Sulfur hexafluoride (SF6) is primarily of anthropogenic origin but also occurs naturally. The troposphere concentration of SF6 has increased from a steady state value of 0.054±0.009 to more than 4 parts per trillion volume during the past 40 years. An analytical procedure was developed for measuring concentrations of SF6 to less than 0.01 fmol/L in water. Groundwater can be dated with SF6 if it is in equilibrium with atmospheric SF6 at the time of recharge and does not contain significant SF6 from other sources. The dating range of SF6 is currently 0 to 30 years. The tracer was successfully used to date shallow groundwater of the Atlantic Coastal Plain sand aquifers of the United States and springs issuing near the top of the Blue Ridge Mountains of Virginia. Significant concentrations of naturally occurring SF6 were found in some igneous, volcanic, and sedimentary rocks and in some hydrothermal fluids.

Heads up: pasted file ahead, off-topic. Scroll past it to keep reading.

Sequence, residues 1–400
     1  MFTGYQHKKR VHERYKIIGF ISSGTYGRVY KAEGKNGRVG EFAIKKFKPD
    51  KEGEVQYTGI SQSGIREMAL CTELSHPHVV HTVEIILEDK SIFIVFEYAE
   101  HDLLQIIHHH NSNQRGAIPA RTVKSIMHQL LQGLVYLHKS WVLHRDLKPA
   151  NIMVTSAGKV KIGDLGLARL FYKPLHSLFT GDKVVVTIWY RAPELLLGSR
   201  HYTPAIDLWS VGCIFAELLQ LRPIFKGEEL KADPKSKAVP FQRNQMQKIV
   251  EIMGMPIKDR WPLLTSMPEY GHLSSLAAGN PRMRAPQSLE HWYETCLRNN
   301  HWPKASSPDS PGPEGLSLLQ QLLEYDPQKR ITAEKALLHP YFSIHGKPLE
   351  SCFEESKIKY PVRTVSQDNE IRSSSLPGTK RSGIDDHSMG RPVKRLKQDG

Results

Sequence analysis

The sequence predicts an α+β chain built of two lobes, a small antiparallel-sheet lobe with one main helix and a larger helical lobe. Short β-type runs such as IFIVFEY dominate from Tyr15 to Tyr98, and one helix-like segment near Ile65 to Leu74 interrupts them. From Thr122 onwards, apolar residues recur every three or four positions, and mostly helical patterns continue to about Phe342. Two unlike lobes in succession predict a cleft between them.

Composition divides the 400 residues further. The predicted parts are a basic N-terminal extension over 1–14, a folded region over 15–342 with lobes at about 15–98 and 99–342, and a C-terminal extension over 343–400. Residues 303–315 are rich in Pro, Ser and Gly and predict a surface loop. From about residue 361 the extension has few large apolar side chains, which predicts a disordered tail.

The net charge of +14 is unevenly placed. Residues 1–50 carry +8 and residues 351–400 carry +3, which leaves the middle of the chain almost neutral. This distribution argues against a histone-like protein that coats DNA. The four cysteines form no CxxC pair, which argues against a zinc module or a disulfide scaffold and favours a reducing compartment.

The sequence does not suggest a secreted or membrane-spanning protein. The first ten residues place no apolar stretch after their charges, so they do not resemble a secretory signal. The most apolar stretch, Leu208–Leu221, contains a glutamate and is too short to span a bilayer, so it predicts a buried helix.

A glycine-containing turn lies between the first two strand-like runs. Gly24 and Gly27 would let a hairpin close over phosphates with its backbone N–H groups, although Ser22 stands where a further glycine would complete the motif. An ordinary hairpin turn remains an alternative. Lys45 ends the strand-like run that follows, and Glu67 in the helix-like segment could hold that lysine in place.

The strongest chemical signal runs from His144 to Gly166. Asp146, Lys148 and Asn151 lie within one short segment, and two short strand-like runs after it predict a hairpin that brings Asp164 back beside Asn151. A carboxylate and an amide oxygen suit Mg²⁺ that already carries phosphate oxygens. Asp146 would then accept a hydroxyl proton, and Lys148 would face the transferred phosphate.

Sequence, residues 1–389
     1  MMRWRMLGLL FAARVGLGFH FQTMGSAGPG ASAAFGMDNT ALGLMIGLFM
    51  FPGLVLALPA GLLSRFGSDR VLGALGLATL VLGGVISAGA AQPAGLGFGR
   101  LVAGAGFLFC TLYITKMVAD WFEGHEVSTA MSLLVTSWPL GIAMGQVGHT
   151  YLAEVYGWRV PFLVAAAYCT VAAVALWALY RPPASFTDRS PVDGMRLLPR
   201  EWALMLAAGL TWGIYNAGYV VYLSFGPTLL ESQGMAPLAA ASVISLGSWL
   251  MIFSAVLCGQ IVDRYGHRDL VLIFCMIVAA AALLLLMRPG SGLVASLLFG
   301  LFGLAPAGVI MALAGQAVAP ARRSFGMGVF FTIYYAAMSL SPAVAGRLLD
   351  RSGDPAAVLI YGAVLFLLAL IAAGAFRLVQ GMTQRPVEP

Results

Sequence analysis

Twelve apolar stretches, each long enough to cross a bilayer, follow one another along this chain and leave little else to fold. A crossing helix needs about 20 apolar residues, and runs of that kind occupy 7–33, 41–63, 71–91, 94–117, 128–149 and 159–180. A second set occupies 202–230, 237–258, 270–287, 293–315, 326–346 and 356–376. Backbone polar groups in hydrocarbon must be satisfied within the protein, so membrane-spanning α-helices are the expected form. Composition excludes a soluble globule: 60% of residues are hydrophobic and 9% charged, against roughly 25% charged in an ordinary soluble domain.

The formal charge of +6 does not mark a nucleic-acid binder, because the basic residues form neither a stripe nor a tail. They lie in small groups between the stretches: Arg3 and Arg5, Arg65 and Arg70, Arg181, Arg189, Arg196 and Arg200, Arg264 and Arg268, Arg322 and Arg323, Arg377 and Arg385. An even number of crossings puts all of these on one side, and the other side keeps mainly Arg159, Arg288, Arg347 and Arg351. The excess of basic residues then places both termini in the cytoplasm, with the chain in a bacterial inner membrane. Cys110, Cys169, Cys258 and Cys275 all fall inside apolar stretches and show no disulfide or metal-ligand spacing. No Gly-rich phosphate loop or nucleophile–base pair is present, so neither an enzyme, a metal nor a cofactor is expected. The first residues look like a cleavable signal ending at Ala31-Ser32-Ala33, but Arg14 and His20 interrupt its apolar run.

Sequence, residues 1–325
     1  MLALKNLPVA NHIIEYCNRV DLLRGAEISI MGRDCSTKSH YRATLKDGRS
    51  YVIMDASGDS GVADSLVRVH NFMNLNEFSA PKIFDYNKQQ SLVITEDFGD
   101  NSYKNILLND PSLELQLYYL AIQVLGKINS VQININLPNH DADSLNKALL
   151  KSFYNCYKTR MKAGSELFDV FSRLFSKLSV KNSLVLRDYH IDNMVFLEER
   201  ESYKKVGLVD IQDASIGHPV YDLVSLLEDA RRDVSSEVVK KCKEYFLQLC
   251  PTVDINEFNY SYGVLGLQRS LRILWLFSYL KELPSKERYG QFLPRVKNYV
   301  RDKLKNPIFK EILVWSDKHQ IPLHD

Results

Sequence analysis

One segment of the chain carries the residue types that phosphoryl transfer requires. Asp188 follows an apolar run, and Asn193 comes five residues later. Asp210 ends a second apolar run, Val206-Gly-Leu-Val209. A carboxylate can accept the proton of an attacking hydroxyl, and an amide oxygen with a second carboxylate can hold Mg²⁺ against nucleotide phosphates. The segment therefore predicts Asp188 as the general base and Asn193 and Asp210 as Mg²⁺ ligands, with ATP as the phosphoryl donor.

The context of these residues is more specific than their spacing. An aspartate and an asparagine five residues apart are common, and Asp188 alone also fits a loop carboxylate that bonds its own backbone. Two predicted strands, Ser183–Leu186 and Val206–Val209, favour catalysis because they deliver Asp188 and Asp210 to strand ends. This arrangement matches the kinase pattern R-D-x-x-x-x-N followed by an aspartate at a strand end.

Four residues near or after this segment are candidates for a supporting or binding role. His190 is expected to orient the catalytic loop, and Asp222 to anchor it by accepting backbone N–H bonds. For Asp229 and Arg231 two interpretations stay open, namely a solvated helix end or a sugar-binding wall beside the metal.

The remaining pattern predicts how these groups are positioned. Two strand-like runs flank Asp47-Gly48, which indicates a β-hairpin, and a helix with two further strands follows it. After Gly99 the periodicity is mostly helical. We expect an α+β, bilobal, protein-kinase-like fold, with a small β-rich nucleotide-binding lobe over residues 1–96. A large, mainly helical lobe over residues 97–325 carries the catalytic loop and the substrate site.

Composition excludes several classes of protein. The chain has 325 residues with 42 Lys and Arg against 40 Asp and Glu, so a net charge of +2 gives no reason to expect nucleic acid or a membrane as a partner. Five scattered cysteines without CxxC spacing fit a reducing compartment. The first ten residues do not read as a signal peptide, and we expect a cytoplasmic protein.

|Publication Subtype||Journal Article|
|Title||Dating young groundwater with sulfur hexafluoride: Natural and anthropogenic sources of sulfur hexafluoride|
|Series title||Water Resources Research|
|Publisher||American Geophysical Union|
|Contributing office(s)||Toxic Substances Hydrology Program|
|Google Analytic Metrics||Metrics page|